Staining Woodwork

Stripping and staining woodwork is a time-consuming project.


Q: We currently have painted woodwork in our home. I would like to strip off the paint and stain the woodwork. What is the best way to do that?

A: Stripping woodwork is time-consuming and labor-intensive, so be sure the wood is worth the trouble. Verify first whether you have paint-grade moldings (intended to be covered with paint) or stain-grade by removing paint from an inconspicuous area. Contact a professional if there is any question about whether the paint is lead-based. If the woodwork is paint-grade, you'll discover imperfections that only look worse if you stain them.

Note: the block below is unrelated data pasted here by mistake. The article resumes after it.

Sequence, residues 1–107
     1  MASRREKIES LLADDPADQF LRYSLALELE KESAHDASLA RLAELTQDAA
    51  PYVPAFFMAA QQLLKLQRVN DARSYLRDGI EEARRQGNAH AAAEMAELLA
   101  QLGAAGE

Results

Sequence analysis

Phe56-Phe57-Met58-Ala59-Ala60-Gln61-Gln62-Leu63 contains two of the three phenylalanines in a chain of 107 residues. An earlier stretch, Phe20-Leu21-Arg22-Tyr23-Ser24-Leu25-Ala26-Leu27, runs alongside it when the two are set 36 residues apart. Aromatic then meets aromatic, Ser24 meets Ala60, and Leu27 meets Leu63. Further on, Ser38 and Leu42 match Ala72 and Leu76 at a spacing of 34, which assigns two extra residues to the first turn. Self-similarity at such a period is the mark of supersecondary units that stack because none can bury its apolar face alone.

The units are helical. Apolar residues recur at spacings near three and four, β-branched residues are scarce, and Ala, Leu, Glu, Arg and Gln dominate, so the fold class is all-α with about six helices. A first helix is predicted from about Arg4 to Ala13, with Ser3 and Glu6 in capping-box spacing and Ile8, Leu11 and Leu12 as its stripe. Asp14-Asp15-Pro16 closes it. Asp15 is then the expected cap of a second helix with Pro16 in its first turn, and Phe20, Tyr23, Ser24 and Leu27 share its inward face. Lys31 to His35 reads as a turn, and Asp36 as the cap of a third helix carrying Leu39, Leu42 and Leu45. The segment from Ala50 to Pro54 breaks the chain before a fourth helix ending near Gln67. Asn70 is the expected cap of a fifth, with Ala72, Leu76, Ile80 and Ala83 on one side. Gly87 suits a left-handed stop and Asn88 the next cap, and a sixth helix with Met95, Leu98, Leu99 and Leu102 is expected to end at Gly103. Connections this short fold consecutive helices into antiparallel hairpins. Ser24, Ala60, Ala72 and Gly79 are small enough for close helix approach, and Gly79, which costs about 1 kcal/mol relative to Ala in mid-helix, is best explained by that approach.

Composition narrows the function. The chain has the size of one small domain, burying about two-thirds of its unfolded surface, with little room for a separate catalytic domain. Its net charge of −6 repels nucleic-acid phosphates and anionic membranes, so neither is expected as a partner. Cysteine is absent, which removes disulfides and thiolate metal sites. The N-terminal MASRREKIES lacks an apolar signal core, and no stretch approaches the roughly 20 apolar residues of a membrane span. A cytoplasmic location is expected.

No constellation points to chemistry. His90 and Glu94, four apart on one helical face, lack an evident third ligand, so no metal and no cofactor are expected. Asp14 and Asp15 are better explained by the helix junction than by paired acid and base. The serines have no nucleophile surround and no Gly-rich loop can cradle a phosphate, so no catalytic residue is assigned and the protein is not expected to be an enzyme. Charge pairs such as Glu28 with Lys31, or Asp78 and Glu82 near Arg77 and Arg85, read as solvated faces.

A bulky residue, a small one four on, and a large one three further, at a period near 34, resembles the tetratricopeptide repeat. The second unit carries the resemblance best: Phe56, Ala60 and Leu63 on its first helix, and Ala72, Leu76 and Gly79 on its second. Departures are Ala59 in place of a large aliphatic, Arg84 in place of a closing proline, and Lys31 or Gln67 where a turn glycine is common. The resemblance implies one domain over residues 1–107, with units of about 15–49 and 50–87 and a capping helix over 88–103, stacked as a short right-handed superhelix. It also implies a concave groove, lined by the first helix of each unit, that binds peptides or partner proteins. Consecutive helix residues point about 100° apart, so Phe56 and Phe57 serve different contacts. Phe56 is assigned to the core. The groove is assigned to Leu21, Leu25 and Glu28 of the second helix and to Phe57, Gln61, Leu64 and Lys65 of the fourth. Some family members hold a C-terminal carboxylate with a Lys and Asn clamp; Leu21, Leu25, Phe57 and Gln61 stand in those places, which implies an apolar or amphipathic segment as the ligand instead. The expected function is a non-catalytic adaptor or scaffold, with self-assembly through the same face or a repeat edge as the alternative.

If you decide to go ahead with the project, there are two ways to strip the paint: using chemical strippers or heat. Chemical strippers are generally easier. (Heat guns can scorch the surface of the wood.) Avoid products containing methyl chloride, as they contain toxic fumes.

Once you have stripped the wood, lightly sand the surface with the grain using 150-grit sandpaper. Next, wipe the wood down with a cloth, and apply a high-quality stain. Most woods are best presealed prior to staining to keep the color uniform. Finish with a product of your choice or use two to three coats of polyurethane, sanded lightly between each application.

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